2. Allowing students to be questioned by students, teachers and other people who do not belong to the class would provide a valuable contrast to the current paper, in which only familiar

    participants acted as questioners.

    3. Pre and post studies examining participants’ brainwaves of emotion prior to, and post, working with FEMA would be an important part of further studies into FEMA.

    4. Above all, the researcher highly recommends that ELF teachers fully understand FEMA’s significance, in order to support its effective implementation. In this regard, stress coping

    strategies can help to ease students’ anxiety when learning a foreign language (Ocampo and

    Rockell, 2014).

  • Merissa Ocampo

    268

    5. To promote this research in the educational community, it would be most beneficial if special seminars for teachers on the importance of Emotional Intelligence and Community Language

    Learning could be organized. Disseminating knowledge of FEMA in this way would be a

    positive step forwards in helping educators to alter the mindset of students and encourage

    them to embrace failure as a challenge to succeed on the journey of learning a foreign

    language.

  • Family Environment Mode Approach (FEMA)

    269

    References

    Asher, J. J. (1972). Children’s first language as a model of second language learning.

    Modern Language Journal, 56(3), 133-139.

    Brown, J., Robson, G., & Rosenkjar, P. R. (2001). Personality, motivation, anxiety, strategies, and language proficiency of Japanese students. In Z. Dornyei & Schmidt (Eds.) Motivation and

    second language acquisition (pp. 361-398). Honolulu, HI: University of Hawaii Press.

    Curran, C.A. (1976). Counseling-learning in second language. Apple River, Ill.: Apple

    River Press.

    Dweck, C. (2006). Mindset: The new psychology of success. New York: Random House.

    Einstein, A. (2015). Brainy Quotes. Motivation. Retrieved from http://www.brainquote.com/.

    Hayes, C. W. (1979). Language contact in Japan. In W.F. Mackey & J. Ornstein (Eds)

    Sociolinguistic studies in language contact: Methods and cases (pp. 363-375). The Hague:

    Mouton Publishers.

    Horwitz,E.K., Horwitz,M.B., & Cope, J. (1986). Foreign language classroom anxiety. The

    Modern Language Journal, Volume 70(2), 125-132.

    Horwitz, E. K. (1986). Preliminary evidence for the reliability and validity of a foreign language anxiety

    scale. Tesol Quarterly,Volume 20, Issue 3, pages 559–562, September 1986.

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    York: Pergamon, page 69, 1983.

    La Forde, P.G. (1971) Community Language Learning. A Pilot study. Language Learning 21,

    Vol.21, Issue 1, pages 45-61, June 1971.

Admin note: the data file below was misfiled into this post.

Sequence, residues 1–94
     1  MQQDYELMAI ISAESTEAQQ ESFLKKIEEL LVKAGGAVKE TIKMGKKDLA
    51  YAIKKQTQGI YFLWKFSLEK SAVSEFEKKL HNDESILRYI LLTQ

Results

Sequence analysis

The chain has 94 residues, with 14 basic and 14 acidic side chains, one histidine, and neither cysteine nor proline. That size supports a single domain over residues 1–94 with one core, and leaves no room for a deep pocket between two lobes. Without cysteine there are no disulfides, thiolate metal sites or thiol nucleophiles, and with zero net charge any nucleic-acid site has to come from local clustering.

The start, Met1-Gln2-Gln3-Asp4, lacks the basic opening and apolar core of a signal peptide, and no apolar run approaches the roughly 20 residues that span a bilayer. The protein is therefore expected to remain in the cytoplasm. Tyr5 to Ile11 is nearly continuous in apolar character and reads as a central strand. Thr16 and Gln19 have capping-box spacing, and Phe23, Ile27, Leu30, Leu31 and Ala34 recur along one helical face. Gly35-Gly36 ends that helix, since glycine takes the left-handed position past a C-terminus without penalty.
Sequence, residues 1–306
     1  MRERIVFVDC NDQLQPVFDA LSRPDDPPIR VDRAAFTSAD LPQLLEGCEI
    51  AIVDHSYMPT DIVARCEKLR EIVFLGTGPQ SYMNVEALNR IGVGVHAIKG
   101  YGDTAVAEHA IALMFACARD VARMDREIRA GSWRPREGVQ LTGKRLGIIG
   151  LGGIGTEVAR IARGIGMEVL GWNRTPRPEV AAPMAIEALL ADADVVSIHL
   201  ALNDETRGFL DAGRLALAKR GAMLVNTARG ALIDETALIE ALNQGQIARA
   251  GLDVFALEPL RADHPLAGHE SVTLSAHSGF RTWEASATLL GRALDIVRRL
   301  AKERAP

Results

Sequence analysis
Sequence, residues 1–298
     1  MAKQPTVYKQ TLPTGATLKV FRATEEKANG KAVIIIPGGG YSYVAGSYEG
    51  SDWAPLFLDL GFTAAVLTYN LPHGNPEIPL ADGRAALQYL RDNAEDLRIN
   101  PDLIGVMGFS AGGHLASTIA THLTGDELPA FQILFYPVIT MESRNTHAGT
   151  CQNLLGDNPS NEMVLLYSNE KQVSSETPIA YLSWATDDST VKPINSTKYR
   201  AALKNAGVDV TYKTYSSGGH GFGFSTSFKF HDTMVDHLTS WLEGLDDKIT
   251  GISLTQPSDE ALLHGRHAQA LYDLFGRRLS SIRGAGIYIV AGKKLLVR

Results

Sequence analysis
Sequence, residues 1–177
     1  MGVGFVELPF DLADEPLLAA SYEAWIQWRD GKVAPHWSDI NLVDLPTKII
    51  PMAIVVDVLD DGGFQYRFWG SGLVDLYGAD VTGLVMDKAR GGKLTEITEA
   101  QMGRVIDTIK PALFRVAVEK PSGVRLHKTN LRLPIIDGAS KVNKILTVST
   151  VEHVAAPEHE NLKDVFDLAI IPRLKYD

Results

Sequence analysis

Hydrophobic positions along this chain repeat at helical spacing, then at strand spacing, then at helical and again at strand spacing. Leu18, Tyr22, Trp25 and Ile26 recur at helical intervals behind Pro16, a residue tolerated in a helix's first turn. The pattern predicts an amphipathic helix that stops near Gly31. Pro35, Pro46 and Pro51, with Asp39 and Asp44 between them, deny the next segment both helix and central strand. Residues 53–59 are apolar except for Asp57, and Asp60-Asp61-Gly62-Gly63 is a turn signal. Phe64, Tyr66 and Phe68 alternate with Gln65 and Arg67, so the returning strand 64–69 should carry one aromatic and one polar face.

Llopis G. (2012). Five Ways Leaders Must Build a Family Environment to Achieve Excellence.

    Forbes/Leadership: 1-2. Retrieved from http://www.forbes.com/. McBride O. (2013) Oil and water do not mix! Retrieved from

    http://askoscarmcbride.blogspot.jp/2013/01/oil-water-professional- athletics-vs.html.

    McBride, O. (2013). Oil & water: Professional athletics vs. finances. Retrieved from

    http://askoscarmcbride.blogspot.jp/2013/01/oil-water-professional-athletics-vs.html. Moskowitz, G. (1978). Caring and Sharing in the Foreign Language Class. Rowley,

    Mass.: Newbury House.

    Myers A.G. (2012). Emotions and language learning: Encouragement, knowledge, The everyday

    language learner. October 31, 2012. Retrieved from http://www.everydaylanguagelearner.com/. Nakata.Y. (1995b). New attitudes among Japanese learners of English. In K. Kitao, S.

    K. KitaoJ. H. Miller.J.W. Carpenter &C. Rinnert, C. (eds.), Culture and communication,

    173-184.

    Necomimi Cat Ears (n.d.). Retrieved from www. Necomimi.com. http://issuu.com/endeavour/

    Ocampo, M., & Rockell, K. (2014). Perceived stress, burnout and coping strategies of

    native and non-native English speaking teachers in Japan. The Asian EFL Journal, Vol.78-

    August 2014, 15-26. Asian EFL Journal Press.

    Richards J. C., & Rodgers, T.S. (2001). Approaches and methods in language teaching,

    (Second Edition). Cambridge: Cambridge University Press.

    Sparks S. D. (2013). “Growth mindset” gaining traction as school improvement strategy. Education

    Week, 33(3), 1-21.

    William K., & Andrade, M.R. (2009). Foreign language learning anxiety in Japanese EFL

    University classes: Causes, coping, and locus of control. Journal of Foreign Language

    Teaching, 5(2), 181-191.

    Wolfe P. (2001). Brain Matters, Translating Research into Classroom Practice. Association for

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    USA. p. 9